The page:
Archive for Sep, 2012

What Are the Best Savings Account Rates? Does it Matter?

Do you wonder what is the best rate of return that you can get on a savings account, does it really matter? Toward the end of this article I will give you some rates I found, but even though it does matter, it doesn’t matter as much as you think, so don’t sweat it too much. Even though your savings gets a poor rate of return, the idea is the low rate is the cost of having insurance. I don’t mean insurance in the traditional sense, but self-insurance if something happens and you need to get your hands on it for a health condition, lost employment or the transmission going out on your car. The cost of ‘insurance’ is the low rate of return. The benefit is having money readily available, insured by FDIC, and in something that won’t go down in value. Remember what Mark Twain said: “I am more concerned with the return of my money than the return on my money.”

That is the reason I don’t think it is too important to loose sleep over the low interest rate your savings account is earning. Also, the difference in rate of return isn’t going to add up that much anyways. For example, if your account is earning .50% and another one is offering .65%, the difference in accumulation in 1 year on $10,000 is only $15 dollars. However, as you save more money, and you are going to have it in savings a long time, then you should do more homework to find a great rate.

Saving money is all the rage these days. In April of 2005 the US personal savings rate was .80%, today it stands at about 4%. More people are saving money as a result of the recession, now that they see the value of having a safety net. Hopefully the trend to save instead of spending almost all we make will continue and we won’t return to a spend and borrow culture that helped contribute to a recession. People are taking classes, learning from experience and understanding the value of having an emergency fund of savings.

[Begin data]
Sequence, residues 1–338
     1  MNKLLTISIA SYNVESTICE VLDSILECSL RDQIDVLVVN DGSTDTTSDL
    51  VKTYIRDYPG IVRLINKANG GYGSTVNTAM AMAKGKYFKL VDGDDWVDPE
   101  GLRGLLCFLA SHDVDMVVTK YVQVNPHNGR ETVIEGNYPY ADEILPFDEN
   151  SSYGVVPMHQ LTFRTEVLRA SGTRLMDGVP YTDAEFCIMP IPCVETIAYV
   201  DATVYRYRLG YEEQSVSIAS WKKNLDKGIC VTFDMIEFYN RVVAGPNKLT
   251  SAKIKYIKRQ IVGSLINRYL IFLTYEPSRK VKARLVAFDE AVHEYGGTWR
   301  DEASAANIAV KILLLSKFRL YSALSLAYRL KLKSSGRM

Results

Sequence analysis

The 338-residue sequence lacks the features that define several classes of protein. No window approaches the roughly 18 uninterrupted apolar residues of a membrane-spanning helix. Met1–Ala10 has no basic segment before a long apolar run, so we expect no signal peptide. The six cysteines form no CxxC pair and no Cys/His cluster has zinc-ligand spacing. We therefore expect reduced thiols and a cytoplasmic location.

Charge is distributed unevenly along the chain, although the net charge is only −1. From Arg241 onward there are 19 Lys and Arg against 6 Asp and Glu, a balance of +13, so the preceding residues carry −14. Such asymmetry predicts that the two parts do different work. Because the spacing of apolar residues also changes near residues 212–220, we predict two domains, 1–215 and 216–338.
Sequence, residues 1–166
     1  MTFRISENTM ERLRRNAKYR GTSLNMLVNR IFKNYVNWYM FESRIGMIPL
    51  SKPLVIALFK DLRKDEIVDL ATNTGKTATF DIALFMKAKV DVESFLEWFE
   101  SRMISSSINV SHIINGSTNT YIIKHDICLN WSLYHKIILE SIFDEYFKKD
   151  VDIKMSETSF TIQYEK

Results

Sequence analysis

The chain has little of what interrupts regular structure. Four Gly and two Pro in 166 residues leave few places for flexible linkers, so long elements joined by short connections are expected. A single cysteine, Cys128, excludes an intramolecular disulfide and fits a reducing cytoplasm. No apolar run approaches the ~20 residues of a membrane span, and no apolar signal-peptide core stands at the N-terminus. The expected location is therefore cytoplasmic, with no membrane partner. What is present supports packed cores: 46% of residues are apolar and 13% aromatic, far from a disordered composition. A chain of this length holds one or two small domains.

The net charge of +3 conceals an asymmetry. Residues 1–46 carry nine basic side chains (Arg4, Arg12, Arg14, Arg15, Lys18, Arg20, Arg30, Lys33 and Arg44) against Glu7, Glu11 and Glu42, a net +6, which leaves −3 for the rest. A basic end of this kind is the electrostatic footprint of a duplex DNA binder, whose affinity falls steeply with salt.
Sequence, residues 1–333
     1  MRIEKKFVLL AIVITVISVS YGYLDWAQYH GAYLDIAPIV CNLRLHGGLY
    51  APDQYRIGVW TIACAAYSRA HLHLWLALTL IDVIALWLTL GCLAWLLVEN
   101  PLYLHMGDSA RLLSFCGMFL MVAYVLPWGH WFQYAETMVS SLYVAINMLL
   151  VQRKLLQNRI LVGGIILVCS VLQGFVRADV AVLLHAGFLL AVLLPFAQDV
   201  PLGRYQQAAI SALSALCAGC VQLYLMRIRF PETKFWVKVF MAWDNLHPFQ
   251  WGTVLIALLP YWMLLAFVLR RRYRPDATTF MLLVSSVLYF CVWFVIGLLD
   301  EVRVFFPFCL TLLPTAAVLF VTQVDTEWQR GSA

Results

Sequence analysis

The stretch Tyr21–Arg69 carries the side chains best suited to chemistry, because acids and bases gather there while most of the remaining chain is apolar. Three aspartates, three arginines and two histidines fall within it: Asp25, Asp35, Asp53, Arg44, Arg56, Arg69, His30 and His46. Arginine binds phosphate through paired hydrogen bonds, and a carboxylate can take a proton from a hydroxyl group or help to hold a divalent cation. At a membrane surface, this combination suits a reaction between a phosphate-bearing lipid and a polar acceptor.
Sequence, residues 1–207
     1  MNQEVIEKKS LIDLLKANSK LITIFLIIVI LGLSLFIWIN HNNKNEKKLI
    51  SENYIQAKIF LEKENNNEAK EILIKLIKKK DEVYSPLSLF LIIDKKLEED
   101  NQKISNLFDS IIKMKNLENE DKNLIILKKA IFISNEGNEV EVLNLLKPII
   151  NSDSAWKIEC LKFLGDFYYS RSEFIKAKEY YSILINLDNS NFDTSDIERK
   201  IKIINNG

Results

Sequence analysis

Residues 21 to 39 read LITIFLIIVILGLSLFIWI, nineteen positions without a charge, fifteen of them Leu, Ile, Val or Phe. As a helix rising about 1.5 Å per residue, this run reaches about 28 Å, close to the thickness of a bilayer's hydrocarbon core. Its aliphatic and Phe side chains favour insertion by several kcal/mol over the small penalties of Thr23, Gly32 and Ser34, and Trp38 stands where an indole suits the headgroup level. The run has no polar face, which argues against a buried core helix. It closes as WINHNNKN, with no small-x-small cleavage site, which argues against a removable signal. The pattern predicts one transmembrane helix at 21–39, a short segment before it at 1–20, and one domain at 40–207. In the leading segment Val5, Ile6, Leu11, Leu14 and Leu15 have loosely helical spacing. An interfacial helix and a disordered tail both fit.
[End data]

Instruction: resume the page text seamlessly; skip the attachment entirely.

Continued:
The challenge many people face is where to put their money. We are told to deposit it into a safe money market account, pass-book savings, or certificate of deposit, but the interest rates are horrible. We are supposed to save 3 – 6 months of expenses in case of a rainy day. If someone is self-employed it may be good to have 12 to 18 months of savings, in case of business slumps. If people are paying off debt, Dave Ramsey suggests they start with baby-step #1 and put $1,000 into savings, then start to snowball debt reduction with a gazelle run-hard mentality.